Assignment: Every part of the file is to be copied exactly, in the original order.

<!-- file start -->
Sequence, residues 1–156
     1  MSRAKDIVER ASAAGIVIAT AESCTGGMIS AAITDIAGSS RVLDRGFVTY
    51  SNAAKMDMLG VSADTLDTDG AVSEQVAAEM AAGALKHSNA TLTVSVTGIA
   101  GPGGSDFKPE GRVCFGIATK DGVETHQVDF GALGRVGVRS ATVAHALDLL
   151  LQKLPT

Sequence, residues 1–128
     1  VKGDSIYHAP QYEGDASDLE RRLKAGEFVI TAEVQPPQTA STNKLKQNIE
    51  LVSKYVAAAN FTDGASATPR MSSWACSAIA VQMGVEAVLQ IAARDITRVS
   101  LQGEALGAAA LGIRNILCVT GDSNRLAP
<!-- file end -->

Sequence, residues 1–156
     1  MSRAKDIVER ASAAGIVIAT AESCTGGMIS AAITDIAGSS RVLDRGFVTY
    51  SNAAKMDMLG VSADTLDTDG AVSEQVAAEM AAGALKHSNA TLTVSVTGIA
   101  GPGGSDFKPE GRVCFGIATK DGVETHQVDF GALGRVGVRS ATVAHALDLL
   151  LQKLPT

Sequence, residues 1–128
     1  VKGDSIYHAP QYEGDASDLE RRLKAGEFVI TAEVQPPQTA STNKLKQNIE
    51  LVSKYVAAAN FTDGASATPR MSSWACSAIA VQMGVEAVLQ IAARDITRVS
   101  LQGEALGAAA LGIRNILCVT GDSNRLAP